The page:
Hannibal Season 2: Review (Spoilers)

September 1, 2014 3:29 pm

There is a moment in Season 2 of Hannibal which I feel perfectly sums up the show, in which while Mason Verger slices off portions off his own face and feeds it to Will Graham’s dogs, he informs Hannibal he is hungry, who remarks “eat your nose then,” Mason proceeds to do so before mumbling with cackle, “I’m full of myself.” I am ashamed to admit how utterly hilarious I found this.

hannibalBryan Fuller’s Season 2 of Hannibal sees the return of Hugh Dancy as Will Graham, Lawrence Fishburne as Jack Crawford and Mad’s Mikkelsen as Hannibal Lector. They are joined by new members of the cast such as Katherine Isabelle and Michael Pitt as the two Verger siblings. The first half of the second season of this gleefully dark and horrifying show focuses on Will Graham and the ensuing trial which will either mark him as an intelligent psychopath or an unstable man framed for someone else’s murderous acts-that someone being Lector of course. While these episodes are not as eventful as those of Season 1 they are infinitely more interesting, seeing the relationship between Will and Hannibal slowly decay into something of a rivalry and delving deep into the psyche of mental illness. It gets to the extent in which it’s impossible to distinguish who’s playing who, the pivotal moment here is when Will asks one of the prison guards (a fellow serial killer) to kill Hannibal, who almost succeeds. This marks the moment in which the two end their almost flirtatious game of cat and mouse and enter a stalemate of both loathing and curiosity. Hannibal is intrigued that Will has opted to deal with his problems in this fashion and tries to reach out to his inner monster, in his own turn Will becomes fearful but also embracing of the person he is becoming.

The show has lost none of the elements which makes it so unique, the cinematography is better than ever, luring audiences into thinking Hannibal is making a delicious and appetizing dish when in reality he’s butchering his latest human victim. The soundtrack runs beautifully alongside Will’s typically horrifying visions and the acting is better than ever. Unlike the first, Season 2 doesn’t adopt a killer-an-episode approach, leaving much needed room for Will and Hannibal to contextualize their relationship. Seriously, sometimes it feels like they’re going to kiss just to break the tension-the intensity they share makes for unpredictable viewing, so when surprises arise (and arise in all their glory they do) it makes them all the more impacting. Michael Pitt gives an electrifying performance not unlike Ledger’s Joker as Mason Verger, as does Katherine Isabelle as his loathing sister Margot Verger.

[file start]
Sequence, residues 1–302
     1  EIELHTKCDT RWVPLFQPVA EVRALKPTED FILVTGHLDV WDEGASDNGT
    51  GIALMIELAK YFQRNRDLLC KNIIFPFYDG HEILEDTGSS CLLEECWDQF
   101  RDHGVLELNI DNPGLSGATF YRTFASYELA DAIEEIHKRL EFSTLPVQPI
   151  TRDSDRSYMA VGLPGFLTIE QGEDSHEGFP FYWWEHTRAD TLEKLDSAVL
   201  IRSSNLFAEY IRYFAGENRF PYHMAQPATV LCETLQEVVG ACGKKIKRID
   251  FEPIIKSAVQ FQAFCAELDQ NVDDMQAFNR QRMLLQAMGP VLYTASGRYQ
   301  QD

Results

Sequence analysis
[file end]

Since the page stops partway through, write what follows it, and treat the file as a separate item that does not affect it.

For the life of me I cannot fathom how Bryan Fuller gets away with some of the images the series Hannibal presents. In a previous review, I said no other show pushes the boundaries of TV like Season 1 of Hannibal, now I’ve found one that does, it’s called Season 2 of Hannibal. The last two episodes contained some of the most harrowing scenes I’ve ever seen on screen. The episode before the finale showing Will and Hannibal talking about the nature of murder while, under a hallucinogenic drug and some misguided words from Hannibal, Mason Verger proceeds to cuts his face off and feed it to dogs-with the exception of Winston, who is the Ghandi of canines. After this episode finished I thought there was no way the finale would successfully follow it up, but once again, Hannibal served up a portion of drama and horror which made everything beforehand pale in comparison. The episode sees the continuation and conclusion of the brutal fight between Jack and Hannibal we saw at the series premiere. We always knew that Hannibal wouldn’t go down without a fight, what we didn’t know was that Will would end up gutted, Alana Bloom crushed and shattered after being pushed out of a window and Abigail Hobbs revealing herself to be alive, only to have her throat cut shortly after by Hannibal. The number of ‘holy shit’ moments contained in just 60 minutes should merit its own award. And even through this massacre of blood, no character is left defiantly dead, within an inch of demise and bleeding all over Hannibal’s polished floor, maybe, but not dead.

While Season 3 of Hannibal has been cleared, it is unlikely without the mainstream audience shows like Breaking Bad possessed that NBC will be confident in renewing a Season 4. This would be a crime against filmmaking and everything it stands for as Hannibal is a precious gem rarely found on network television that is yet to be discovered by the masses.

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